“I had wanted to serve a mission since I was a little girl, and I finally had that chance when I turned 21. I served in Texas for 11 months before coming home because I developed anxiety and depression.
“I have occasionally wondered why God would instill in me such a strong, righteous desire to be His servant and then take it away. But if I’ve learned anything from this experience and dealing with the struggle of mental illness, it’s that God has a plan for me that is greater and far better than my own. He loves me enough to shape me into the person He wants me to be. Sometimes He takes away what we think we want to give us what we truly need, and I am so grateful that He did that for me.
“This journey hasn’t been easy by any means, it’s been heartbreaking and tear-filled at times, but Jesus Christ heals the soul and brings real happiness. I know that with my Heavenly Father and Savior by my side I can get through the trials that are placed before me.” —Ally
Thanks for sharing, Ally. #ShareGoodness
@telyourstory Instagram account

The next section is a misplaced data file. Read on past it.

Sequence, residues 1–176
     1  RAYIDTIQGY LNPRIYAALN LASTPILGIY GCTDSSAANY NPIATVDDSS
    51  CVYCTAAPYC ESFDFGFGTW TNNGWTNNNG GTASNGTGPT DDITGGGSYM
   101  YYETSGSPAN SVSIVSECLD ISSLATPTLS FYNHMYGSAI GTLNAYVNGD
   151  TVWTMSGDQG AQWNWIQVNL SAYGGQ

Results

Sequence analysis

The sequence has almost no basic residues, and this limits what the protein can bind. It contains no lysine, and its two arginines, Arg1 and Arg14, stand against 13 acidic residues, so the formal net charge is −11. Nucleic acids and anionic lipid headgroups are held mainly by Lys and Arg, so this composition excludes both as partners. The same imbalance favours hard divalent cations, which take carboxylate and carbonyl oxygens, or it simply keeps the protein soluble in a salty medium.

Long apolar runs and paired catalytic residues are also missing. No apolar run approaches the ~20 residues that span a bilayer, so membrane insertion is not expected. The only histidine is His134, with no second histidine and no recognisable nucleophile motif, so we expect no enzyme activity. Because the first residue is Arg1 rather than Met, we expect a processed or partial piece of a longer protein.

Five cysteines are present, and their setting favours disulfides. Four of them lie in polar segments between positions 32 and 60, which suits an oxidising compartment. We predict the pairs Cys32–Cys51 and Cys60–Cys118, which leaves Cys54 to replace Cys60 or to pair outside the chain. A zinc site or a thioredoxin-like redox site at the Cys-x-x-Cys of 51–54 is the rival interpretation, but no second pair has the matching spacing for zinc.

Allyson • Kaysville, UT • USA 🇺🇸 How do you explain to someone something you don’t even understand yourself? Something that you will never fully comprehend? That’s what living with a mental illness is like… trying to explain what’s going on in your mind without fully understanding it yourself. It’s frustrating, out of your control, and a daily battle, one that I fight everyday. I was diagnosed with anxiety and depression while serving an LDS mission in Texas. It was, and can still be, a nightmare. I had wanted to serve a mission since I was a little girl, and finally had that chance when I turned 21. I served in Texas for 11 months before coming home due to developing anxiety and depression. I have occasionally wondered why God would instill in me such a strong, righteous desire to be His servant and then take it away. But I’m learning to walk by faith, knowing that God has a better and far more perfect plan than I do. Some days I feel like I got this and I’m doing really well. I’ve been able to find things that make me feel better: being a mom, having a job, social media, etc., on the flip side, they can also make me feel worse. It’s a never-ending oxymoron. But one sure-fire thing that always helps is knowing that it won’t be like this forever. One day I won’t be exhausted from fighting. I won’t have breakdowns and/or panic attacks in the middle of an exercise class, at church, or driving to the store. One day I won’t need medication to feel “normal.” One day my body will be perfected and I will be free from this illness. I’m so grateful for the Plan of Happiness and the knowledge I have that this life is only a small moment in the grand scheme. And I am grateful for a loving Savior who provided that possibility. He knows. He knows my struggle, He knows me, and He loves all of it. He is the only one who fully understands. And that is the most beautiful, comforting thing to carry with me through my struggle because I don’t even fully understand. He is the quiet, the calm, the solitude, the light, the comfort, the peace. And, “When there’s no peace on earth, there is peace in Christ.” He gives me the peace I need to overcome.